European Union Emission Trading Scheme (EUETS)
The EU ETS was launched on January 1, 2005as a cornerstone of EU climate policy towards its Kyotocommitment and beyond.

Through the EU ETS,Member States allocate part of the efforts towards theirKyoto targets to private sector emission sources (mostlyutilities). Over 2008–12, emissions from mandatedinstallations (about 40% of EU emissions) are cappedon average at 6% below 2005 levels. Participants caninternally reduce emissions, purchase EUAs or acquireCERs and ERUs (within a 13.

4% average limit of theirallocation over 2008–12). The EU ETS will continuebeyond 2012, with further cuts in emissions (by 21%below 2005 levels in 2020 or more, depending onprogress in reaching an ambitious international agreementon climate change).

First Commitment Period
The five-year period, from2008 to 2012, during which industrialized countryhave committed to collectively reduce their greenhousegas (or “carbon”) emissions by an average of 5.2% comparedwith 1990 emissions under the Kyoto Protocol.

Green Investment Scheme (GIS)
A GIS is a voluntarymechanism through which proceeds from AAUtransactions will contribute to contractually agreedenvironment- and climate- friendly projects and programsboth by 2012 and beyond.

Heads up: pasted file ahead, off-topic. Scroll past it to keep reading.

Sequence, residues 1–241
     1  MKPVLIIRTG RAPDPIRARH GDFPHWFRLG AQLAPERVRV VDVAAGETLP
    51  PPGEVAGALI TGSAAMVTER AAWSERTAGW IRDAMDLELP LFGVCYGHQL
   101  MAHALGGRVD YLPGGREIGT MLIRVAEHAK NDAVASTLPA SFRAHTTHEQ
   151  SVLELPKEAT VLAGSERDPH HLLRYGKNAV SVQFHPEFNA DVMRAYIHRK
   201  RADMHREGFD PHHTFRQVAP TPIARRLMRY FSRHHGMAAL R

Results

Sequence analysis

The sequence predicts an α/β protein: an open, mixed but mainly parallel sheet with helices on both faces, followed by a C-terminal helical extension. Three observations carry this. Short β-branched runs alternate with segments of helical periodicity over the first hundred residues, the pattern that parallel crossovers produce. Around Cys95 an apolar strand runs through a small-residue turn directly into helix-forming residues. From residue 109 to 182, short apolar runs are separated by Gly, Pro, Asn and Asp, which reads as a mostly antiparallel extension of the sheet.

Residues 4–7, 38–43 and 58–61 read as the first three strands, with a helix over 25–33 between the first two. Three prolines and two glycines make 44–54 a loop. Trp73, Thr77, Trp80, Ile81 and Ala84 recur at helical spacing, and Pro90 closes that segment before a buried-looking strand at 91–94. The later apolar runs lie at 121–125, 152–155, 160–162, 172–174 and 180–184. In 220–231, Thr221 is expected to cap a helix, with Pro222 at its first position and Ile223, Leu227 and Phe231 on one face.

Greenhouse gases (GHGs)
Both natural and anthropogenic,greenhouse gases trap heat in the Earth’s atmosphere,causing the greenhouse effect. Water vapour(H2O), carbon dioxide (CO2), nitrous oxide (N2O),methane (CH4), and ozone (O3) are the primary greenhousegases. The emission of greenhouse gases throughhuman activities (such as fossil fuel combustion or deforestation)and their accumulation in the atmosphereis responsible for an additional forcing, contributingto climate change. The Kyoto Protocol regulates sixGHGs: carbon dioxide (CO2), methane (CH4), andnitrous oxide (N20), as well as hydrofluorocarbons(HFCs), perfluorocarbons (PFCs), and sulfur hexafluoride(SF6).
Global Warming Potential (GWP)
An index representingthe combined effect of the differing timesgreenhouse gases remain in the atmosphere and theirrelative effectiveness in absorbing outgoing infraredradiation.